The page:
Philadelphia CBP Seizes 69 Pounds of Minnesota-Bound Khat
PHILADELPHIA – U.S. Customs and Border Protection (CBP) officers seized nearly 69 pounds of khat in four express international parcels in Philadelphia October 25.
The parcels were shipped from Frankfurt, Germany and destined to address in Minneapolis, Minn. They weighed 8.8, 8.65, 6.9 and 6.9 kilograms for a combined weight of 31.25 kilograms, or 68 pounds, 14 ounces. The khat has a street value of about $18,000. Authorities made no arrests. An investigation continues.
CBP’s National Targeting Center (NTC) helped Philadelphia officers identify the four parcels for examination. The NTC helps to keep terrorism and other nefarious activity out of the United States by filtering through advance information of arriving travelers and cargo to identify those that pose potential threats to our national security.
“This khat seizure demonstrates how much Customs and Border Protection inspectional scrutiny international cargo undergoes before it can safely enter the United States,” said Joseph Martella, Acting CBP Port Director for the Area Port of Philadelphia. “Khat remains illegal to import into the United States and so CBP officers will continue to seize khat when we encounter it. Drug interdiction at our nation’s borders is one way in which CBP helps to keep our communities safe.”
Khat is a green, leafy plant typically grown in the Arabian Peninsula and chewed for its stimulant effect. The World Health Organization classified khat as a drug of abuse in 1980.
The Drug Enforcement Administration classifies khat as a schedule 1 narcotic – the most restrictive category used by the DEA – when the leaves are freshly picked. Its principal components, cathine and cathinone, are considered controlled substances in the United States.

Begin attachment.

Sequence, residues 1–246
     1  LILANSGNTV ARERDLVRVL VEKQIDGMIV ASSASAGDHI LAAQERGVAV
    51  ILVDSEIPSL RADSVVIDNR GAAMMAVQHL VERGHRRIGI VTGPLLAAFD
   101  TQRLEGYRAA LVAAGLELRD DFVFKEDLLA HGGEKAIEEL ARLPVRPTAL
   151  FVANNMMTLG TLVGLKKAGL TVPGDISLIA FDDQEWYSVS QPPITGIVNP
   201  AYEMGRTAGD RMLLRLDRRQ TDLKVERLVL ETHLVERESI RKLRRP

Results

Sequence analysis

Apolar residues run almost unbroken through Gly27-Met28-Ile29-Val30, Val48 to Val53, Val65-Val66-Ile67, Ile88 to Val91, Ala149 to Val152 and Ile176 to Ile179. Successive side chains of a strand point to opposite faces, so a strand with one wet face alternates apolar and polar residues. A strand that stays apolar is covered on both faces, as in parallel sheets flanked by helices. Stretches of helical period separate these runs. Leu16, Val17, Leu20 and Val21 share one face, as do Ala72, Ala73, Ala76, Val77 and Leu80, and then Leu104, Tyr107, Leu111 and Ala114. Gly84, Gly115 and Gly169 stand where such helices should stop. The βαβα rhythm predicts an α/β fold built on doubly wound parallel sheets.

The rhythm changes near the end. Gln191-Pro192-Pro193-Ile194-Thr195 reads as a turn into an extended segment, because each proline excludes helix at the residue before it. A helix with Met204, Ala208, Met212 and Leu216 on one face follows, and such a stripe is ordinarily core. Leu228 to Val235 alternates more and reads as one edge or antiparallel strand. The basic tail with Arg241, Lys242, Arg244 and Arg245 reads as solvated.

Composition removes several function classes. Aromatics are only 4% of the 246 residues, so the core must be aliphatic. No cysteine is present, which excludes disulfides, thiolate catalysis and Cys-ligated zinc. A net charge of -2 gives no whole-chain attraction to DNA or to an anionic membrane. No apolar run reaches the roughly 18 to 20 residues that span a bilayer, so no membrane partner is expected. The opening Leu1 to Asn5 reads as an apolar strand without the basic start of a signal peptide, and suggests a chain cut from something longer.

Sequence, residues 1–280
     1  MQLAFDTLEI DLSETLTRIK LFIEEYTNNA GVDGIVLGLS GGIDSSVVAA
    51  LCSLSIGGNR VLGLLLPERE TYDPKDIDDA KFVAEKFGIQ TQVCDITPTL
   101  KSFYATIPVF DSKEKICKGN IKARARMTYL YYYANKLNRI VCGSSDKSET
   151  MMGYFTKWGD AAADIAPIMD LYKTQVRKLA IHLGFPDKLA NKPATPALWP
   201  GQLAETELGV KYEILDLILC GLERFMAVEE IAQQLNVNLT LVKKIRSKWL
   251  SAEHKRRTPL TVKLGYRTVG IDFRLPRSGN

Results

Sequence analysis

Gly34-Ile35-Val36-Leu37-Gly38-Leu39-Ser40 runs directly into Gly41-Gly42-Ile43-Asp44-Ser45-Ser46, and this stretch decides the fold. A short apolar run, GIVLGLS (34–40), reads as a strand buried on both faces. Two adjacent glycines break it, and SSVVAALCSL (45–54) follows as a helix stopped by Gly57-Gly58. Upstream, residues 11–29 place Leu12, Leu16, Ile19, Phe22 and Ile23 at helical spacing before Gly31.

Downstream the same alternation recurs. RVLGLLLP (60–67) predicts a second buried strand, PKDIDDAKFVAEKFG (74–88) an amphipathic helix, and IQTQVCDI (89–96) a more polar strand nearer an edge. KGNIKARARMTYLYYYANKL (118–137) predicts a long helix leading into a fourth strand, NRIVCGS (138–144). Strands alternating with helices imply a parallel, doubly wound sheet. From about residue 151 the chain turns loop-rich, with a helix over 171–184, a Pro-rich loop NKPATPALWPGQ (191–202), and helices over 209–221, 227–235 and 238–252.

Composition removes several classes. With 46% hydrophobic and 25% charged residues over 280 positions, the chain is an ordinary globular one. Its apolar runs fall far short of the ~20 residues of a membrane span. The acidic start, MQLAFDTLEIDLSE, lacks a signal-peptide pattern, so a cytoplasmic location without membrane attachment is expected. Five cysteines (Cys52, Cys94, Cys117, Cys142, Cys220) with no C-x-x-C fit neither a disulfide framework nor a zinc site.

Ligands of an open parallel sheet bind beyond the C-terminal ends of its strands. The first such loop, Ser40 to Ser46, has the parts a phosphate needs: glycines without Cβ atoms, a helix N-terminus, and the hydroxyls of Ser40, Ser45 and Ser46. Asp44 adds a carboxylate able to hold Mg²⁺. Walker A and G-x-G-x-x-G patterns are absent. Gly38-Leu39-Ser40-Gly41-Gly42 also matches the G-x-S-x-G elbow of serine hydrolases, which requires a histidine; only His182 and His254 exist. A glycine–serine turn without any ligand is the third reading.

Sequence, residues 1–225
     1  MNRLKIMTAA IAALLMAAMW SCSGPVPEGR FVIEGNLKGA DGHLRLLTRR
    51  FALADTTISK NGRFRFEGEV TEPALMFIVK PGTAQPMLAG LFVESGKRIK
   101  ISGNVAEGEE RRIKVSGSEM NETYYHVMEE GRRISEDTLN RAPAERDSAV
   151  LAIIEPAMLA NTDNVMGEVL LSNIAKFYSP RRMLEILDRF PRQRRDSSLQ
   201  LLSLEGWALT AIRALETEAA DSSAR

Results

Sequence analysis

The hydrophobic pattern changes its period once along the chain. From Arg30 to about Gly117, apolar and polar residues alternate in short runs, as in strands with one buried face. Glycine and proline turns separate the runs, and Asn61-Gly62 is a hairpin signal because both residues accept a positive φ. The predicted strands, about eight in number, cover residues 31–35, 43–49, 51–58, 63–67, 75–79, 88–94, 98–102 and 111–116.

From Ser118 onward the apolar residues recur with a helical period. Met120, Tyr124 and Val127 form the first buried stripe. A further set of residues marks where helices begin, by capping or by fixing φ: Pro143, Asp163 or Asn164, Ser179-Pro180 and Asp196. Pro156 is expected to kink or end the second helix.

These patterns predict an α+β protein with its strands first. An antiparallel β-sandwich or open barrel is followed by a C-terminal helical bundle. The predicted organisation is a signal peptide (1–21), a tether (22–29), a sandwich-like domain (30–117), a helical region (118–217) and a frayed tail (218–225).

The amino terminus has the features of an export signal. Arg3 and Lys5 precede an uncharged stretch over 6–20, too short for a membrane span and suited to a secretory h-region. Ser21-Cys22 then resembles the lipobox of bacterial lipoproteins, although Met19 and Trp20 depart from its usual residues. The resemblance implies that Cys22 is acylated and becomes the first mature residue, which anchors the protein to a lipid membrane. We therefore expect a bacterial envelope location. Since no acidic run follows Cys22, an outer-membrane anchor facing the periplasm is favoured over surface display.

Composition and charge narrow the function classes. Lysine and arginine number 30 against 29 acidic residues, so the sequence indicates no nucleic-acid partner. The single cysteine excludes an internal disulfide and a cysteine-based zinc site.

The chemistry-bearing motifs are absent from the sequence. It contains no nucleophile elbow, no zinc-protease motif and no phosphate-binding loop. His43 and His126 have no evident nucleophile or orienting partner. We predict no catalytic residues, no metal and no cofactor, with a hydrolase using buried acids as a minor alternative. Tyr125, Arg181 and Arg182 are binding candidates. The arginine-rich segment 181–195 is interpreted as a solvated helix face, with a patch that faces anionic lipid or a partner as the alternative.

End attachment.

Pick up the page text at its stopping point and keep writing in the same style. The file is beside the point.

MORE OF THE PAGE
CBP officers in Philadelphia and Pittsburgh seized a combined 207 pounds of khat earlier in 2017.
“Narcotics interdiction remains an enforcement priority for Customs and Border Protection,” said Casey Owen Durst, CBP’s Field Operations Director in Baltimore, the agency’s operational commander in the mid-Atlantic region. “CBP officers remain ever vigilant in combating the flow of illicit and dangerous drugs from entering the United States at our nation’s ports of entry.”
CBP routinely conducts random inspections operations on international passengers and cargo and searches for narcotics, unreported currency, weapons, prohibited agriculture, and other illicit products.
On a typical day, CBP seizes more than 9,000 pounds of illicit drugs along our nation’s borders. Learn more about what CBP's accomplishes in "A Typical Day."
Please visit CBP Ports of Entry to learn how CBP Field Operations secures our nation’s borders.